Matt’s Story: Wishing

September is Childhood Cancer Awareness Month. Each day a different guest blogger will be featured who will generously share their personal experience with childhood cancer.  Stories are always more potent than statistics.  

By Cindy Nysschen

You spend your life wishing. Wishing for a better, newer car. An awesome vacation. I know I do. Even now, just so I can escape the reality.

But my biggest wish is that we had taken our then eight year old son Matt to the ER sooner. That we had seen the signs. They were all there. How could we have missed them? A simple $45 blood test would have resulted in one less round of chemotherapy. But we aren’t doctors, now we know, or rather are far better educated. Now in my title of Mom, I have doctor/nurse in training attached to it.

It was 6:10 on a Sunday evening, December 2nd, 2012. I had gone to get us something to eat and gotten out of my parked car. I could see my husband walking out of the doors of the ER. He had his hands over his mouth. As I got closer I saw he was sobbing. And the only word I could hear was leukemia. For some unknown reason I had sensed what was to come. But still the blow, the words said out loud, were mind blowing. I started to scream. And sob. It took me almost half an hour to calm down, to be able to go see my son, my beautiful child.

Matt and his Mom, shortly after diagnosis.
Matt and his Mom, shortly after diagnosis.

Matt had been experiencing an off the chart headache.  He would be fast asleep and wake up screaming. He was so pale. Wouldn’t eat and would throw up randomly. The peadiatrician told me he had a sinus infection!! When I called back after 48 hrs and still no relief, I was told I had not given enough time. No runny nose but a sinus infection?

Five days later he was getting chemotherapy.

Matt was given his formal diagnosis on Monday, of Acute Promyeltic Leukemia, thirteen hours after we were told he had cancer. You can’t grasp it. When we had  gotten to the Children’s Hospital (90 minutes away), I kept asking if there was something else that had caused his blood counts to be so high. The nurse had said maybe…..

That Monday, he had a second CT scan and spinal tap with general anaesthetic. However the PIC line also had to be placed, he couldn’t have any more sedation, so that was done with local anaesthetic.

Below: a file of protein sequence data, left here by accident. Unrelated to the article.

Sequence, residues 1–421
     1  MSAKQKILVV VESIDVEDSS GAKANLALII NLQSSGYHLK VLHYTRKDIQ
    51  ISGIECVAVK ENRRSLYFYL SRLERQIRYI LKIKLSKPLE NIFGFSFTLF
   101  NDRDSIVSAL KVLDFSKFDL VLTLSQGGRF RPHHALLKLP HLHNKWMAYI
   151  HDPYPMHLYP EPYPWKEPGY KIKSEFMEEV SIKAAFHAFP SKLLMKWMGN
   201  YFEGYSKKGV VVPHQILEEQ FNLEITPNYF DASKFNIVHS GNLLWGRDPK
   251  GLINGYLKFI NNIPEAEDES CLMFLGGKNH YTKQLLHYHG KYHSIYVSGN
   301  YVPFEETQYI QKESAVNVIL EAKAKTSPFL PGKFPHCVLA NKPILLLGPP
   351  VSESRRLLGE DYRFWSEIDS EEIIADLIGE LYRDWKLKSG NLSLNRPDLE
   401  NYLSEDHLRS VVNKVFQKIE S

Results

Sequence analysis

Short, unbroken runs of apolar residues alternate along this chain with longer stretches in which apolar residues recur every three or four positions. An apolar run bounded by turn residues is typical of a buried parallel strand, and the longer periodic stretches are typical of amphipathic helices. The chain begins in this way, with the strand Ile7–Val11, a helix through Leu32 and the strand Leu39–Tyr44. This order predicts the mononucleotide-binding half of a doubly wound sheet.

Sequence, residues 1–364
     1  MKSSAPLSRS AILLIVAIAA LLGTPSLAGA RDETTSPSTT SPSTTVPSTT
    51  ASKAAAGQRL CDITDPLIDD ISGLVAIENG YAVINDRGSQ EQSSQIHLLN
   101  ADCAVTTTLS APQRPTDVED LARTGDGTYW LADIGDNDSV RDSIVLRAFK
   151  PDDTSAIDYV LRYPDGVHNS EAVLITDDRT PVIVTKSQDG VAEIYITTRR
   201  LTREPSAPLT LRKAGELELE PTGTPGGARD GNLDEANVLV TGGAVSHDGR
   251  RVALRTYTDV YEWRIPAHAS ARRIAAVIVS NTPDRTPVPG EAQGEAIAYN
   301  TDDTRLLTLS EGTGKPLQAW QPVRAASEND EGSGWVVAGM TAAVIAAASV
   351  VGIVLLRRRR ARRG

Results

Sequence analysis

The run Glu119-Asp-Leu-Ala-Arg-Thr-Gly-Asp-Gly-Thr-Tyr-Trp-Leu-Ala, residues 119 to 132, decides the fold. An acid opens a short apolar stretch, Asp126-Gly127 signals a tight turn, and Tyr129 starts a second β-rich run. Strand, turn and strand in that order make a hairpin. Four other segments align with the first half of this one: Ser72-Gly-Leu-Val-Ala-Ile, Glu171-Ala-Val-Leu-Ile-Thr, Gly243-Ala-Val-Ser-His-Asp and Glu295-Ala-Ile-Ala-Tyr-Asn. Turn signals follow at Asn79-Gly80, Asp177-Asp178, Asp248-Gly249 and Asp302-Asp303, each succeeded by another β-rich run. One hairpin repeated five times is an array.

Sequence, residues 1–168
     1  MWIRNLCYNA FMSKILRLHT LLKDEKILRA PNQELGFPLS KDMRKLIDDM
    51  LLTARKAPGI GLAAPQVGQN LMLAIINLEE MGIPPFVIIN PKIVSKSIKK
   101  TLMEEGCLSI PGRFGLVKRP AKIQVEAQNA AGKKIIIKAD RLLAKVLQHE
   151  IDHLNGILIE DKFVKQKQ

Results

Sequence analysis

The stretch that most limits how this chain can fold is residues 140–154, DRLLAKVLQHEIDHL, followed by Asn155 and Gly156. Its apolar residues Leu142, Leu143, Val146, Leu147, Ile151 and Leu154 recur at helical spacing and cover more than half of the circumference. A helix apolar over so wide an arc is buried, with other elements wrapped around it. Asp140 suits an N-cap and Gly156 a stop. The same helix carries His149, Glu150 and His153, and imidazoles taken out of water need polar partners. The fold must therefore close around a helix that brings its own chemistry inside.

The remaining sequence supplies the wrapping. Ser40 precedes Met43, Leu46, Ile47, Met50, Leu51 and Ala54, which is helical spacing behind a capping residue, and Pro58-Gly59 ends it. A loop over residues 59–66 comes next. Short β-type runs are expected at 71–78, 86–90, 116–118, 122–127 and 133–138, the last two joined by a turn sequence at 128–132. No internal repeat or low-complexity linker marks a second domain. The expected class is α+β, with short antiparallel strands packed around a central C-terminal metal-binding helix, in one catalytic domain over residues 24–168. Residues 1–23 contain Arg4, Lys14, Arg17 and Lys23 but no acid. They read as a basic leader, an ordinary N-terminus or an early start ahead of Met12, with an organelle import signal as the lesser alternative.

We were on the Bullet Train and we wanted off, but there were no stops in our future. The train has slowed now but it speeds up every now and than and you forget how to breathe. Than you tell yourself in/out, deep breath. We signed papers that said we had to do this, there was no other way. If we refused he would be sent home on hospice and would die very quickly. His white cell count almost doubled every day.  It was 68,000 on Monday.

Kids with cancer often feel so lonely, even when surrounded by people.
Kids with cancer often feel so lonely, even when surrounded by people.

I had to make the phone calls to our families overseas. The gasps still ring in my mind, the pain I could feel through the phone was unimaginable.

Tuesday he was unresponsive. The nurse taking care of him told me as a parent  I could call a CART. It would result in doctors from every corner of the hospital running to our room. I didn’t quite grasp what she was saying but did it anyway. Five minutes later and we had more than 10 doctors and nurses in our tiny room. Next thing we were running for the PICU.

When the doctor in charge of the PICU addressed my son’s heath care team, she told them first and foremost this is an autistic child,  they needed to get in place Speech and Occupational Therapy and any other service needed. I stood there thinking how I had forgotten that, how could I forget that? He was now my autistic cancer fighting child.

His diagnosis involved four rounds of consolidation. Between Consolidation 1 and 2 he received 50 doses of Arsenic Trioxide. We walked those halls every day (at first the three of us, my mom, Matt and I; then just the two of us). We would go to school in the hospital for an hour, then do his Arsenic which would take minimum of four hours. In total, by mid-July we had spent 106 days in and out patient at the hospital.

My Mom and Dad had flown out from South Africa as soon as they heard, a 36 hour flight at Christmas time.  My Mom got to stay for the maximum time allowed of 90 days. We were very blessed to have amazing friends that took in our older son (he was 15) whilst we were at the hospital. It was a lonely road. And we were so tired. Trying to juggle everything was overwhelming.

You keep expecting things to ease. For life to even out. We spent a week in the hospital this year with Chicken Pox. Then life hit us in the face again. And you struggle to deal with other hardships. My Dad lost his fight against cancer. Big things, small things come your way and it is hard to juggle it all. But we have no choice.

Our road is not yet over. We still have ten months left.  Ten months of nausea, vomiting, and severe stomach pain. And years of worry. We are blessed he is with us, We thank God everyday. And we are humbled, humbled by a child who’s innocence has been stolen. Who has behavioral problems and only once did he get really mad. A child who now has cancer and hearing loss attached to his disabilities. He already had a number of things against him, now even more. But when you ask him what he remembers, all he says is that Jesus was there by his side all the way. He remembers little else of those first few weeks.

A recent photo of Matt on a good day.
A recent photo of Matt on a good day.

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Tomorrow, the 2014 September Series comes to an end.  If you like what you’ve seen here at Mary Tyler Mom and want to stick around, please subscribe.

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